In 2015, the ABA issued a report entitled First Chairs at Trial: More Women Need Seats at the Table. The report used data from cases filed in the Northern District of Illinois in 2013, concluding that only 24% of the lead counsel across both civil and criminal cases were women (23% in intellectual property cases and 15% in contract cases). The study also found that most litigation teams are all male: 67% of intellectual property cases and 70% percent of contract cases. As relevant to the Next Gen initiate, the report concluded with Best Practices for Law Schools, Law Firms, Clients, Judges and Women Lawyers, noting:
Judges are also integral to the efforts to increase the number of female first-chair trial lawyers. Judges can be mindful of appointing experienced, qualified women lawyers as lead counsel, liaison counsel, or members of the steering committee in MDL class action cases. Judicial appointments of women litigators as special discovery or bankruptcy masters, trustees, or guardians ad litem can help increase the visibility and credibility of women lawyers, which will help them advance to equity partnership and develop as rainmakers.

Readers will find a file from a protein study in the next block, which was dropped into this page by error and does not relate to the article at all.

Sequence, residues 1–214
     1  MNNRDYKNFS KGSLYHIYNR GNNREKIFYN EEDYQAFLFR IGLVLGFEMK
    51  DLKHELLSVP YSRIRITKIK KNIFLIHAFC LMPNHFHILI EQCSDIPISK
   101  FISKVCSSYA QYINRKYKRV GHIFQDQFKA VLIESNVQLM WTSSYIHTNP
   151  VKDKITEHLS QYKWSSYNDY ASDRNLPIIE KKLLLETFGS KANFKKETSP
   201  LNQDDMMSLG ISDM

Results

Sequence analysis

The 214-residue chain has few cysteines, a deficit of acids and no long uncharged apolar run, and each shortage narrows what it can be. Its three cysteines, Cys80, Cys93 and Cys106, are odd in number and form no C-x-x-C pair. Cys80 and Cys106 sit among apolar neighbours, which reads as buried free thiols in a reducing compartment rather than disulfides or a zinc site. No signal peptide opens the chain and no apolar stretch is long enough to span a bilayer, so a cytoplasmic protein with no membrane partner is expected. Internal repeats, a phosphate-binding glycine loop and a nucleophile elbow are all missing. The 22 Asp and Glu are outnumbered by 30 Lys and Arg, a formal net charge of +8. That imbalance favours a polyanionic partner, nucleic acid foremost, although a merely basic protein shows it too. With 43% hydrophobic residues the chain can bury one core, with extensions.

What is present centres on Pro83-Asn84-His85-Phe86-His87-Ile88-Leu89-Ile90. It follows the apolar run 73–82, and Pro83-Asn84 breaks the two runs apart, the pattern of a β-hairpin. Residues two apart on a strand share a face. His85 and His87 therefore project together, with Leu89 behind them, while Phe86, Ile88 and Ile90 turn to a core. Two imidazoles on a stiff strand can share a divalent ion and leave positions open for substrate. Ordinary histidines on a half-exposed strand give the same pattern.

In addition, a number of judges have sought to incentivize law firms to provide greater opportunities for courtroom experience to their women and minority associates. For example, certain judges around the country have made it a practice of allowing argument on motions that would otherwise not be heard, as long as the advocate will be the associate working on the case, rather than the partner. (Page 16)
Written by: Kathi Vidal, May 3, 2016